Wednesday, January 16, 2008
Airborn review by Abby
Airborn by Kenneth Oppel. Grades 6 and up.
(Originally posted at Abby (the) Librarian)
If you're looking for an engrossing fantasy-adventure with believable characters and a well-detailed world, look no further. I'd been meaning to pick this one up for a long time and I'm so glad I finally did.
Young Matt Cruse, cabin boy on the Aurora, has always dreamed of flying an airship. He was born on one and he feels more at home in the sky than anywhere else. When he helps rescue a dying man from a balloon over the ocean, Matt sets into motion a series of events that will change his life forever.
There are a few things about this book that really stuck out in my mind as I read it. The first is imagery. I noticed it from the very beginning. Oppel's detailed writing really made me feel like I was there watching all of this happen. Take this bit about stars (on the very first page):
The sky pulsed with stars... So when I look up I see a galaxy of adventures and heroes and villains, all jostling together and trying to outdo one another, and I sometimes want to tell them to hush up and not distract me with their chatter. I've glimpsed all the stars ever discovered by astronomers and plenty that haven't been. (pp 1-2)
Right from the start, I was with Matt Cruse as he stood on the crow's nest and looked out over the ocean, seeing billions of stars as far as he could see. I was in his world. I was hooked.
Another thing I loved about this book are the characters. My problem with some kids' books, especially mysteries and adventure, is that I don't always believe that these kids can really do the things they're doing. I want to shake them and tell them to go get a grown-up to help them. But with Matt Cruse, 15-year-old cabin boy, I honestly believed that he could do all the adventuring and taking charge that he does in this book. Oppel gives him a history with the ship, a history of being in the air. You know that Matt has a passion for this airship and that he will quite literally do anything he can to save her.
Another of the main characters is a spunky girl named Kate de Vries. She's a passenger on the airship who also has passion for the things she loves. She also happens to get Matt into trouble a lot. I love that Matt has a love-hate relationship with her. She's high class and pampered, while he's poor and has had to work hard for everything he's ever gotten. Although he's immediately attracted to her, there are also times when he sees how different they are and he doesn't always like her.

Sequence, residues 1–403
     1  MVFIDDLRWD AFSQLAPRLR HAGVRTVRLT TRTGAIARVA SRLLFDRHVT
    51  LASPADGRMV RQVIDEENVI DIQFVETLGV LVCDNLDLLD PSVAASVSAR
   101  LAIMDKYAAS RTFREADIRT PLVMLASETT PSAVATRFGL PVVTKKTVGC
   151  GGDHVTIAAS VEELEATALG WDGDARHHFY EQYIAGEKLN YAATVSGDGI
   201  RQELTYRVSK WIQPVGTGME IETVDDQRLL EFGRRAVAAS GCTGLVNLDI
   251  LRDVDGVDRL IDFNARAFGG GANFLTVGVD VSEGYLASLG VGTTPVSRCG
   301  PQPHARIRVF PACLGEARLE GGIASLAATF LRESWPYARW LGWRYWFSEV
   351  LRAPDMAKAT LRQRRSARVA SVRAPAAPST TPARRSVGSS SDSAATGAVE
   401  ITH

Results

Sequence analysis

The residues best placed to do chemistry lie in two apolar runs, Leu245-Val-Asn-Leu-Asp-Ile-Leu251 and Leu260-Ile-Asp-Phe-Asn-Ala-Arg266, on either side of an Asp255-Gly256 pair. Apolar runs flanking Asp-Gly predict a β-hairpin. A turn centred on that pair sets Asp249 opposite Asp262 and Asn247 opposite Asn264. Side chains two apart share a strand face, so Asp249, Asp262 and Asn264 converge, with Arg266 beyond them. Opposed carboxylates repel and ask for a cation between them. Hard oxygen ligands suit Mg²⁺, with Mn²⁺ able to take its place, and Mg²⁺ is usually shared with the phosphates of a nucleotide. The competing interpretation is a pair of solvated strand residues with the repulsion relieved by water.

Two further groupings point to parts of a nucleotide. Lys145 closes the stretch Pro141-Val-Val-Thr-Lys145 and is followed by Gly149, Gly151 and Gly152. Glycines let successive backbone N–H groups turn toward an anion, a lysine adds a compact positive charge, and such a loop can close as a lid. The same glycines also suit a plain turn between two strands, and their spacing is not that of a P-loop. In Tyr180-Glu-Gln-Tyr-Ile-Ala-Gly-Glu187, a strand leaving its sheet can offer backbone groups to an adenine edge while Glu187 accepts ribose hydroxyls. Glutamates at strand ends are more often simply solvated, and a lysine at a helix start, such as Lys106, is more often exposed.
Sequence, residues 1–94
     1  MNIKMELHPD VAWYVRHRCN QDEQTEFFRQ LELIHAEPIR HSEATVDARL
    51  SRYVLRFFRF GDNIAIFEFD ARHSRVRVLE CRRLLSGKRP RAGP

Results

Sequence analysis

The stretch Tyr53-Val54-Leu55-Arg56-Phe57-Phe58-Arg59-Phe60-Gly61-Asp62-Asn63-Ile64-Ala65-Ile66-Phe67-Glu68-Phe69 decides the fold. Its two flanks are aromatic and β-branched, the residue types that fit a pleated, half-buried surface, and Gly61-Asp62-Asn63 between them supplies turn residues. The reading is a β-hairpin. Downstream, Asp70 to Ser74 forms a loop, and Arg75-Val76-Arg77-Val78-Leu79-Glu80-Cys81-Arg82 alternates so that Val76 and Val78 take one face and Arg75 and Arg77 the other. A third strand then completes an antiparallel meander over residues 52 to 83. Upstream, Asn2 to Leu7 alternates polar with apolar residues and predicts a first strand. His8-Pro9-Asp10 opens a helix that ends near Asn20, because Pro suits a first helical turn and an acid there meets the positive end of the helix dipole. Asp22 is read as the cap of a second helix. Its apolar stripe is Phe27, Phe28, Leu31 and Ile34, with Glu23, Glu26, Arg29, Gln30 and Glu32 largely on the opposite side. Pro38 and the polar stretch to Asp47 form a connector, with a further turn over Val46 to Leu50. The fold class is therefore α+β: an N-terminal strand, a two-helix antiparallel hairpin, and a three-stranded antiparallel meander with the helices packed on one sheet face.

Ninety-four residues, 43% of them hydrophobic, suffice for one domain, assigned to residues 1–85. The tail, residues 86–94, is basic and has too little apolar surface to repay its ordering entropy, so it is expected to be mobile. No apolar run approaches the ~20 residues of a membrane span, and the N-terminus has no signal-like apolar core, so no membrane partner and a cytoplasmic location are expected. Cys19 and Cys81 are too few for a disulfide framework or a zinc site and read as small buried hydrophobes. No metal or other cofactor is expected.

...I understood then that hers was a world where she got her own way and nothing was impossible. For a moment I almost disliked her. Could she even imagine how other people lived? (pg 100)
Although Matt may have mixed feelings for Kate, I never did. Kate is an energetic, intelligent, stubborn young lady. She doesn't need rescuing and she's intent on meeting her goals, no matter who she might inconvenience. As the book is set in an alternate history (a date is never mentioned, though the author mentions that he imagined it in the time of the real airships, so somewhere between 1900 and 1930), Kate's gumption is not much appreciated by her chaperon. Matt, however, likes her just the way she is. When he's not almost disliking her, that is.
Class is also a strong element in the book (or maybe I'm just noticing it more because of the recent discussion about class in YA lit). Matt is quite definitely from a lower-class family. He's also very low-ranking on the ship, though he believes that with hard work and perseverance, he can rise in the ranks. It's been slow going for him, though, and it's not easy when a young man with connections swoops in and takes the job that had been all but promised to Matt. Although Matt and Kate are together quite a bit, Matt always feels that wrong-ness of it, the impropriety of him being there with this high-class girl. Kate, however, never seems to think of it.
Altogether, I thought it was a fabulous book. I couldn't put it down and I'm really looking forward to reading the sequel. I'd recommend this one to fans of fantasy-adventure like Peter and the Starcatchers or Gregor the Overlander or even The Golden Compass.